It was sad saying bye to my family yesterday, Tshepang was crying, but I will definitely visit them as much as possible. Some people are talking about going back to their host families for Christmas, so I might do that.

So today my group of 7 left for Limpopo. We’re staying at a ridiculously awesome game reserve outside of Polokwane. It’s pretty gnarly, and apparently pretty close to my village, could be an awesome place for people visiting me to stay, if you’re not a PA. We met our supervisors today and had dinner with them. They are the principals of our schools. It was cool to talk to them and hear a little about my village and where I’ll be staying. Tomorrow (Tuesday) and Wednesday we are doing a supervisor’s workshop, then we go to our sites on Thursday. It’s pretty exciting, can’t wait to get there!


Friday, September 10, 2010


What up?? Here are a few pictures from these past 7 weeks:

1. Me with Tshepang (10), Karabo (6) and Paballo (4).

2. Family picture, also includes my language teacher Kgabo (blue jacket on the left), and Mike and Dale from my language group. My "mom" has the red head wrap on (she doesn't live here full time, visits on some weekends though), the four women in the middle are my sisters, Boledi, Bunang, Lerato, and Mathage. The three older ones live here full time. Lerato, goes to college in Pretoria. My brother Elias in the yellow on the right. He doesn't live here either. And the rest are all their kids, Kgaugelo, Thabang, Tshepang, Karabo, and Paballo.

3. The house, it's pretty gnarly. There's a separate building with two rooms behind the main house where the two older boys stay, Thabang (18) and Kgaugelo (22).

Ok, that's all for now.


Tuesday, August 24, 2010

Hey Everyone!

I finally have more than 10 minutes on the internet to update! So South Africa is amazing so far! I'm having a great time. Right now I'm living with my first host family in the village of Maganagobushwa in Mpumalanga province, it's right by Siyabushwa which you can apparently find on google maps. My family is awesome. There are 3 little kids (4, 6, and 10), 2 older boys (18 and 22), and 3 older women who live at the house all the time, and the grandma and other daughter are there on the weekends. So it's a lot of people, always something going on. I play with the 3 little kids the most, their names are Paballo, Karabo, and Tshepang (Te-pang). My family gave me an African name, which is Kamogelo (Ka-mo-hey-lo). It means "Welcome" in Sepedi, and it's all they call me.

I just found out that my permanent site will be the village of Ga-Maja (Ha Ma-ja) in Limpopo Province. I was originally supposed to be there this week for a visit, then back to the training site for 2 more weeks, then back to my permanent site for good. But there is a big nationwide strike in South Africa right now of all service positions, which includes teachers. It has something to do with the big teacher's union, the ANC, as well. It's confusing. So the Peace Corps decided that it is not safe for us to be in schools until it is over because violence often breaks out in a strike like this, and we don't want to appear to be on the government's side by being in the schools, which would make us targets. So our training schedule has to be completely changed. We're hoping the strike will end soon, but we barely get any news, so who knows.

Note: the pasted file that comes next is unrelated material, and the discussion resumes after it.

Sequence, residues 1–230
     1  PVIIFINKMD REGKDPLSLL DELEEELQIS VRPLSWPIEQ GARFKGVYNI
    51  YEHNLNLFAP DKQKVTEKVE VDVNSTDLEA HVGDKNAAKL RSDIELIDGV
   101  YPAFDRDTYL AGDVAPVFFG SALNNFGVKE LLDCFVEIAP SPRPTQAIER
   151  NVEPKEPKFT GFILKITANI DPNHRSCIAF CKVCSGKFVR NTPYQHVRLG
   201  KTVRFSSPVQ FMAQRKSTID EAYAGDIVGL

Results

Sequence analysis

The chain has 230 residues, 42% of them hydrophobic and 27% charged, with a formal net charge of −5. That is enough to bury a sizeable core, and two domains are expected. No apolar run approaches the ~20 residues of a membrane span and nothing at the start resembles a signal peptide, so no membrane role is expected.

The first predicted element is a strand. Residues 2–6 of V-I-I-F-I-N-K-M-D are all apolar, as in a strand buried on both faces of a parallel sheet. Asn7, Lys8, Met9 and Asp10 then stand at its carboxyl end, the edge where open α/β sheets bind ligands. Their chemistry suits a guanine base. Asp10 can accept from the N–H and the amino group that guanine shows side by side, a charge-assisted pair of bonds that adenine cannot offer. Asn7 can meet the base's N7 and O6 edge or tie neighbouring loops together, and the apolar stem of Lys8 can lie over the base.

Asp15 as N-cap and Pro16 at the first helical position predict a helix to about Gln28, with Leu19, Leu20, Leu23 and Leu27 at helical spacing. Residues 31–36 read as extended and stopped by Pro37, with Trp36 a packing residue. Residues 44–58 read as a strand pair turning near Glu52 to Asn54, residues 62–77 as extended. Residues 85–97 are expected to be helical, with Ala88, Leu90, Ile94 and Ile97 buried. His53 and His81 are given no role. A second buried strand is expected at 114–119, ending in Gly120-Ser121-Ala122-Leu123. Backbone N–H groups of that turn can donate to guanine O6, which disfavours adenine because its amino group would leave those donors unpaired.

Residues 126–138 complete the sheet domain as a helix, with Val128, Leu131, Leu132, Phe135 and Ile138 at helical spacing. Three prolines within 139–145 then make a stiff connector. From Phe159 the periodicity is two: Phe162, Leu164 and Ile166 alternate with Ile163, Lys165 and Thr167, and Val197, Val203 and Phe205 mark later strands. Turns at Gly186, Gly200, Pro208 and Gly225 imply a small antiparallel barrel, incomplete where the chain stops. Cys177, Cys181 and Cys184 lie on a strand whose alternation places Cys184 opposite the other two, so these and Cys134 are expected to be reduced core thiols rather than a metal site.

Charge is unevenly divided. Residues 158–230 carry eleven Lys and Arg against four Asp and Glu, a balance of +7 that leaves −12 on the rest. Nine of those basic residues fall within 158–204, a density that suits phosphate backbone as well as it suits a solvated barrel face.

As for my site, apparently I will be in a furnished 3 room house of my own next to my host family's house. It is on top of a hill and the village is very hilly, so that should be fun. I'm pretty sure I will have electricity but no running water, which is how my house is now. I have to take bucket baths and my hands are barely clean, but I'm over it. Also over germs, it's not possible to be a germ freak here, oh well. I use a lot of hand sanitizer though. So I will be working in two primary schools, one is a higher primary and the other is a lower primary school. It sounds very rural, and apparently not much English is spoken there, so that should be fun, woo, Sepedi! My village is near Polokwane, which will be my main shopping town and the biggest city near me. Three other Peace Corps volunteers from my group will be near me as well, so that's gnarly.

Gotta go, but hopefully I'll get on the internet again soon!


Monday, July 12, 2010

Peacing Out!

Hello All,

I can't believe it's finally here! I am about to peace out of the U.S. on my way to South Africa! I am all packed and heading to Philadelphia in a few hours. My luggage all fit into one big black duffel bag, one medium sized sports bag, and a backpack. It does not look like enough stuff for two years, but I'll make it work. Staging starts tomorrow in Philadelphia where I will get vaccinations, my passport, an introduction to the Peace Corps, and whatever else. Then we leave Wednesday morning to depart to Johannesburg! I'm quite excited, a bit nervous and anxious as well. Thanks to everyone who came to my going away party, it was great to see you! I'll update again as soon as I can!


P.S. Here's my Peace Corps address for sending me letters or packages in South Africa:

Maggie McDonald, PCV
Peace Corps
PO Box 9536
Pretoria 0001
South Africa

Keep in mind that it will usually take about a month to get to me, so perishables might not be a good idea, and sending things early for special occasions might be. And they advise that you label the green customs forms with "school supplies," "religious materials," "food," "personal health supplies," etc. DO NOT write down anything valuable like batteries, solar radio, etc, even if they are in the box. You can use generic terms like "electronics."


Monday, May 17, 2010

Peace Corps!

Hello everyone,

This blog will be for anyone who's interested in knowing what I'm up to in South Africa with the Peace Corps. I will be leaving July 12, 2010, it's coming up! As of right now I do not know exactly what town I will be in, so I don't know what the conditions of where I will be living are yet, like internet access and computer charging abilities. I will try to update the blog as much as I can, at least once a month hopefully.

Ok, that's all for now.